[20] based on one NVIDIA GeForce GTX680M card.

Training

The training procedure is similar to [10]

: the network weights are learnt using the mini-batch stochastic gradient descent with momentum set to 0.9 and weight decay set to 0.0005; all hidden weight layers use the rectification (RELU) activation function; at each iteration, a mini-batch of 256 samples is constructed by sampling 256 shuffled training images; all the images are resized to 256

256; to artificially enlarge the training data (data augmentation), firstly, 224 224 patches are randomly cropped from the center of the selected image with a factor of 2048 data augmentation, and then it undergoes random horizontal flipping and RGB jittering; the learning rate is initially set to for directly training the networks from data without initialising the weights with pre-trained models on ILSVRC-2012, while it is set to

for fine-tuning with pre-trained models on ILSVRC-2012, and then it is decreased according to a fixed schedule, which is kept the same for all training sets; for each ConvNet we train 100 cycles and decrease the learning rate every 20 cycles. For all experimental settings, we set the dropout regularisation ratio to 0.5 to reduce complex co-adaptations of neurons in nets.

Class Score Fusion

At test period, given a depth video sequence (sample), we only use depth motion maps with temporal scaling but without rotation for testing. The averaged scores of scales for each test sample are calculated as the final score of this test sample in one channel of 3ConvNets. The final class scores for a test sample are the averages of the outputs of the three ConvNets.

Iv Experiments

In this section, we extensively evaluate our proposed framework on three public benchmark datasets: MSRAction3D [2], UTKinect-Action [21] and MSRDailyActivity3D [3]. Moreover, an extension of MSRAction3D, called MSRAction3DExt Dataset was used, which contains more subjects performing the same actions. In order to test the stability of proposed method, a new dataset are combined from the last three datasets, referred to as Combined Dataset. In all experiments, for rotation, is set to and is set to ; for weighted HDMM, is set to 0.99 and is set to 1. Different temporal scales are set according to the noise level and mean circle of actions performed in different datasets. Experimental results show that our method can outperform or match the state-of-the-art on individual datasets and maintain the accuracy on the Combined Dataset.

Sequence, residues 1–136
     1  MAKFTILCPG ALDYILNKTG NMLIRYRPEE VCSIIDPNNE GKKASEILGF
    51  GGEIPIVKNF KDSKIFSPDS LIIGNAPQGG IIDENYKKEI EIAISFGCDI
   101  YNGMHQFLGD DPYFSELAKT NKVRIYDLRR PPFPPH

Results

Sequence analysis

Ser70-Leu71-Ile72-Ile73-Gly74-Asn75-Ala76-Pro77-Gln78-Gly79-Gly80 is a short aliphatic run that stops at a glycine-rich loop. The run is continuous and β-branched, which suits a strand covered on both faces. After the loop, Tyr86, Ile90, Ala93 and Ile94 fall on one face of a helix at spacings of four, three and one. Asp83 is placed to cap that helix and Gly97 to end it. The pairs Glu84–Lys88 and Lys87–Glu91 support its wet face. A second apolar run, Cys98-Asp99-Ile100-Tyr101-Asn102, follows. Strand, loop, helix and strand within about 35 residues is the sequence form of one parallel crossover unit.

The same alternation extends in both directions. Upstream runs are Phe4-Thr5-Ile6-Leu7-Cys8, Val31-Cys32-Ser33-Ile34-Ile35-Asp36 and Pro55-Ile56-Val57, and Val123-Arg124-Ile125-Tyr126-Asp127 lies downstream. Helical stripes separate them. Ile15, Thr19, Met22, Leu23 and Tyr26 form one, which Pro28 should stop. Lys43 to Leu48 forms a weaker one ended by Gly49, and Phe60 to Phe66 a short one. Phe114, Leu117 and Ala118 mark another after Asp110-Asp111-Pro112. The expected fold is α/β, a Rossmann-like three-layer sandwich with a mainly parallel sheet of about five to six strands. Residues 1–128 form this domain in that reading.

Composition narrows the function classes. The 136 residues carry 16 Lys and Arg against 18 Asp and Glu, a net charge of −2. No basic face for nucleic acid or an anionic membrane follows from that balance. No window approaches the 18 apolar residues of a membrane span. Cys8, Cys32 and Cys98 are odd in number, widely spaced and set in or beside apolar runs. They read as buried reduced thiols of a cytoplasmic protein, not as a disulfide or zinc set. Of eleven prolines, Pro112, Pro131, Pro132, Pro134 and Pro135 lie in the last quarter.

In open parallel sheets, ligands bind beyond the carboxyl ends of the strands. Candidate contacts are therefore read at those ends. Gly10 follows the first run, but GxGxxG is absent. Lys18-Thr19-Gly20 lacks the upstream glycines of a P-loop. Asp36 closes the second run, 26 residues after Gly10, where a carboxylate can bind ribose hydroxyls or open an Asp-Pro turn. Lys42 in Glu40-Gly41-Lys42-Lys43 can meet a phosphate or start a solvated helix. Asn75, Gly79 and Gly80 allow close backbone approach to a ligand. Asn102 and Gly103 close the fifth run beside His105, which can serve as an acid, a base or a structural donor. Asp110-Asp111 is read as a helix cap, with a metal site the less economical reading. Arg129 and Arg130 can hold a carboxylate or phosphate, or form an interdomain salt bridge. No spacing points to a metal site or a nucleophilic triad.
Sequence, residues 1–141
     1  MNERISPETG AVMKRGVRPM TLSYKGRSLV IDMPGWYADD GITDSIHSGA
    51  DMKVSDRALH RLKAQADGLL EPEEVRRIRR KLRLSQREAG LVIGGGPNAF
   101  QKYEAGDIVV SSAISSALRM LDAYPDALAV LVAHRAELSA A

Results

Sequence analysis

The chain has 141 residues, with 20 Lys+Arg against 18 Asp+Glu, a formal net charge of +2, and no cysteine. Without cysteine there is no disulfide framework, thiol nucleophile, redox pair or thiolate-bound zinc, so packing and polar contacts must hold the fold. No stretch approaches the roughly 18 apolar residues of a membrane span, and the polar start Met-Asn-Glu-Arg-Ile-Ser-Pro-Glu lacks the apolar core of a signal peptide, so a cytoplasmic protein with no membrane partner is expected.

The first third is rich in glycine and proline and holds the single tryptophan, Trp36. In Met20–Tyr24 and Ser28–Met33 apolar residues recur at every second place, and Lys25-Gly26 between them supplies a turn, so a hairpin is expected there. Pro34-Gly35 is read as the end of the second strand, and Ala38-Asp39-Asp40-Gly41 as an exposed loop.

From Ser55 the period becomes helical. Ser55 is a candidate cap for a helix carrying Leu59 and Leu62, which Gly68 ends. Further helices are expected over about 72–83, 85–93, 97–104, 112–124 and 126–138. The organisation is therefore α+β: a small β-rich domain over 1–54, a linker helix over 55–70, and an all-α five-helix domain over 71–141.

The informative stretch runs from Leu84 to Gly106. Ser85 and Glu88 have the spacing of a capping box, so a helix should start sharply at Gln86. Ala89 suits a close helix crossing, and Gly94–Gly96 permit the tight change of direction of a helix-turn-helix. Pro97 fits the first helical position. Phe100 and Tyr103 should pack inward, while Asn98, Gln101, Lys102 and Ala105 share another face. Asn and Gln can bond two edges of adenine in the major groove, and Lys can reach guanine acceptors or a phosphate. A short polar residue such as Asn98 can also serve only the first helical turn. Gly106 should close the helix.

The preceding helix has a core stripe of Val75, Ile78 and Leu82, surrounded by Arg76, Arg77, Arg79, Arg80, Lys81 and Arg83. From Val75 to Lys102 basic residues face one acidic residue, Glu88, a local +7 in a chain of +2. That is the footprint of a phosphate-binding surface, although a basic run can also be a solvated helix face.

Iv-a MSRAction3D Dataset

The MSRAction3D Dataset [2] is an action dataset of depth sequences captured by a depth camera. It contains 20 actions performed by 10 subjects facing the camera, with each subject performing each action 2 or 3 times. The 20 actions are: “high arm wave”, “horizontal arm wave”, “hammer”, “hand catch”, “forward punch”, “high throw”, “draw X”, “draw tick”, “draw circle”, “hand clap”, “two hand wave”, “side-boxing”, “bend”, “forward kick”, “side kick”, “jogging”, “tennis swing”, “tennis serve”, “golf swing”, “pick up & throw”.

In order to facilitate a fair comparison, the same experimental setting in [3] is followed, namely, the cross-subjects settings: subjects 1, 3, 5, 7, 9 for training and subjects 2, 4, 6, 8, 10 for testing. For this dataset, we set temporal scale , and our method achieves 100% accuracy. Four scenarios are considered: (1) training on primitive data set (without rotation and temporal scaling), (2) training on data set after rotation, (3) pre-training on ILSVRC-2012 (short for pre-trained) followed by fine-tuning on data set after rotation, (4) pre-trained followed by fine-tuning on primitive data set. The results for these setting are listed in Table 1.

Training Setting Accuracy (%)
Primitive 7.12%
Rotation 34.23%
Rotation + Pre-trained + Fine-tuning 100%
Primitive + Pre-trained + Fine-tuning 100%
TABLE I: Comparison on Different Training Settings for MSRAction3D Dataset.